INDIANAPOLIS – A 22-year-old college student injured when a stage collapsed at the Indiana State Fair died Friday, the same day lawsuits were filed on behalf of two other victims.
Jennifer Haskell, a Ball State University senior, became the sixth person to die from injuries suffered in the collapse that happened while fans were waiting for the country act Sugarland to perform. Four died immediately, including Haskell's best friend and Tammy Vandam, a 42-year-old Wanatah homemaker and former disc jockey. One of the lawsuits filed Friday was on behalf of Vandam's estate and her 17-year-old daughter.
A fifth person died hours after the collapse from his injuries.
Haskell's uncle, Mike Whited, announced her death in a statement Friday after it was first reported by The Star Press of Muncie.
Haskell was entering her senior year at Ball State University in Muncie, where she was studying sports medicine. Her uncle said she had planned on becoming an athletic trainer after playing softball and basketball at Monroe Central High School in Parker City, about 70 miles northeast of Indianapolis.
"After a long courageous battle, Jenny Haskell died at 8:15 this morning from her injuries sustained from the tragedy at the State Fair," her family's statement said. "Jenny's family would like to thank everyone for their support and prayers during this difficult time. Continued support and prayers from the remaining victims would be greatly appreciated."
Haskell died at an Indianapolis hospital. It was not clear Friday how many of the roughly four dozen injured in the stage collapse remained hospitalized. State police stopped providing updates on the injured earlier this week. Condition reports have not been available from hospitals.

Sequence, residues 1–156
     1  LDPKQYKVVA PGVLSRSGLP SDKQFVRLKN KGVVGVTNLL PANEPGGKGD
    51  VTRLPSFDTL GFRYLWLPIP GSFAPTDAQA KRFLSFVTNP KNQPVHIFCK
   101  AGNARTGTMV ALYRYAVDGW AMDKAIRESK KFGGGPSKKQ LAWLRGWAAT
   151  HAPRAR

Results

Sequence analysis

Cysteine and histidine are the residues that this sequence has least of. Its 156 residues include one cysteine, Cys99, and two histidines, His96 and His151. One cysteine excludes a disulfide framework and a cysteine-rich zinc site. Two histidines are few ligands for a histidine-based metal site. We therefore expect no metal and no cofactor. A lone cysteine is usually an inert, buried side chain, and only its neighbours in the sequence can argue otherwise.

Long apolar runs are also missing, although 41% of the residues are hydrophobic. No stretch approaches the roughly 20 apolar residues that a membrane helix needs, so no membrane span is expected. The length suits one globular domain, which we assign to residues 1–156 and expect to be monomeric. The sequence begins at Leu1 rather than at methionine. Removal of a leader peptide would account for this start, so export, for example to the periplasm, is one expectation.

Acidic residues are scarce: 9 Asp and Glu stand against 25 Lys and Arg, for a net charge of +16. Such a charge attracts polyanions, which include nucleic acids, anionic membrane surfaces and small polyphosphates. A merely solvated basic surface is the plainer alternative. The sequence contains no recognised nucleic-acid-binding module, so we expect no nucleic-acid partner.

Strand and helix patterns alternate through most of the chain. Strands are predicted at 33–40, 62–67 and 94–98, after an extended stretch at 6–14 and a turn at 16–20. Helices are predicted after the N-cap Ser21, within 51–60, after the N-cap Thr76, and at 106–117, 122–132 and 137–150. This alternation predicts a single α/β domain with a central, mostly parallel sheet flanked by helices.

State Fair spokesman Andy Klotz told WTHR-TV the fair expresses "its deepest sympathies to her family."
The others killed were Haskell's best friend, 23-year-old Alina Bigjohny of Fort Wayne, who was recently hired to teach seventh-grade English in Muncie; stagehand Nathan Byrd, 51, of Indianapolis, who was atop the rigging when it fell and later died from his injuries; Glenn Goodrich, 49, of Indianapolis, who worked for an underwater camera and lighting equipment company; and Christina Santiago, 29, of Chicago, a gay activist and program manager for a Chicago nonprofit.
The Valparaiso law firm of Kenneth J. Allen & Associates filed lawsuits on behalf of Vandam's survivors and 49-year-old Beth Urschel, who was injured in the collapse. Vandam and Urschel were life partners, and attorney Kenneth Allen said he planned to use the lawsuits to challenge Indiana state law regarding the rights of same-sex partners.
More lawsuits are expected. Indiana law caps the state's responsibility at $5 million per accident, but with so many victims, several lawyers have said they expect a wide range of entities to be sued to greater a bigger pool of money. Vandam's lawsuit names the fair, the state and companies that put on the show. Urschel's names the companies.
Allen said there was a "strategy" behind leaving the state out of Urschel's suit and the list of defendants would likely expand.
Spokesman Bryan Corbin said the Indiana attorney general's office would review the suit and file a response. He also said the state had not received any tort claims related to the accident. The other defendants didn't immediately return phone calls seeking comment Friday.
A fund the Central Indiana Community Foundation set up for the victims raised nearly $107,000 by Friday, foundation spokesman Mike Knight said. That tally didn't include donations expected from a Train-Maroon 5 concert Thursday night in Indianapolis.
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